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THE GYM: The Real Story of Boxing PART 2

Posted on 04/15/2008

By Murray Gaby

(Note: This is part two of a two-part story that was originally published in 1980)

Heir apparent to Stillman’s a as the world’s most famous gym is the Fifth Street Gym in Miami Beach. Operated by Chris and Angelo Dundee, it has been the subject of countless articles and boxing stories and is a legend in its own time.

I started training there in 1960, and the regulars who trained read like a Who’s Who of Boxing: Willie Pastrano, Luis Rodriguez, Florentino Fernandez, Douglas Valiant, Gomeo Brennan, Yama Bahama, Mike DeJohn, Ralph Dupas, Tony Alongi, and the young Cassius Clay. It was also used at different times by many other well-known fighters looking to escape the colder weather.

The major difference to me was the atmosphere that prevailed here as opposed to other gyms. The fighters were much friendlier toward each other and there was almost a spirit of camaraderie amongst us. I think this was primarily due to the influence of Angelo Dundee. A friendly, warm person, it was his personality that rubbed off; and, unlike the wars that went on in Northern gyms, Angelo would not tolerate any beatings at Fifth Street. If one examines the durability and success that most of his fighters have, you would have to agree with this philosophy.

I had a locker in front of Willie Pastrano’s private room, and we quickly became good friends. Willie was an outgoing guy and had a childlike sense of humor. There were always pranks and jokes, and the burden of training seemed lighter when Willie was around.

At the door collecting dues and admissions was Hattie Ambush, a bent, little old lady who inherited the job from her husband after he died. She was the personification of the Jewish Mother – a tender spirit in the middle of the most brutal of all worlds. The contrast of her in this environment was strange, to say the least.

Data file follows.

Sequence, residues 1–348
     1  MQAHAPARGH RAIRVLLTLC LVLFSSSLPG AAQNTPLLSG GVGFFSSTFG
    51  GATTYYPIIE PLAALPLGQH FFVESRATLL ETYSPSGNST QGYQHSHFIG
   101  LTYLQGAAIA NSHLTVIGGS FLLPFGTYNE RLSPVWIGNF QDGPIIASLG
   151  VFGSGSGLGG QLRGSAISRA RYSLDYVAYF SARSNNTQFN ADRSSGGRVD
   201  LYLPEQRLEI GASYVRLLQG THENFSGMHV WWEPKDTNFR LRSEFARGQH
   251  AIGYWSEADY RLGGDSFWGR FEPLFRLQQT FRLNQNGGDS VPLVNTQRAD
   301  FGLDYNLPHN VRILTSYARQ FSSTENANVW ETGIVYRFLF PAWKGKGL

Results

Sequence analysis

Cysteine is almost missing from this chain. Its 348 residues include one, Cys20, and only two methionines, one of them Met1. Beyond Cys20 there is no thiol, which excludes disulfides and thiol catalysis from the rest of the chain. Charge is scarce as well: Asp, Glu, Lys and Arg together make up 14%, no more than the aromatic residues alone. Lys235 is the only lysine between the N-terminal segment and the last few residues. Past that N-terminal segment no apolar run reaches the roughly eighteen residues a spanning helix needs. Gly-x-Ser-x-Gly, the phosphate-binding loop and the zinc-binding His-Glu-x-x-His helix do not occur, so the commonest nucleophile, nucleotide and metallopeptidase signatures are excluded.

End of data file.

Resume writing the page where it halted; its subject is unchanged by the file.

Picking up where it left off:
During the ’60s and ’70s it was Ali who created all the excitement and he brought the Fifth Street Gym an international reputation. With him there, it was the height of showtime, and the gym regulars relished the attention that washed over everyone. The place would always be packed with fighters – whether they had a fight on or not.

Over the last few years, as boxing activity dwindled in Miami Beach, so has the activity in the gym. It has grown old and empty, and a sad thing for me to see. The occasional times when a Duran or an Ali come in, the place is crowded and it’s like the good old days.

But it’s only a matter of time. Within the next couple of years the redevelopment program on South Miami Beach is slated to begin, and the Fifth Street Gym will be torn down.

The boxing gyms in this country have been microcosms of life: tragedy, humor, success, failure, fear, greed, and for me, a school where I had a chance to learn about things I could get nowhere else.

The excitement and glamour of fight night is a wonderful thing, but the gym is where the real story of boxing exists, and I am grateful for having been a part of it.

I am grateful, for I have been well-trained.

EDITOR’S NOTE: Murray Gaby is a former rugged undefeated middleweight who is considered the Leonardo DaVinci of boxing artists.

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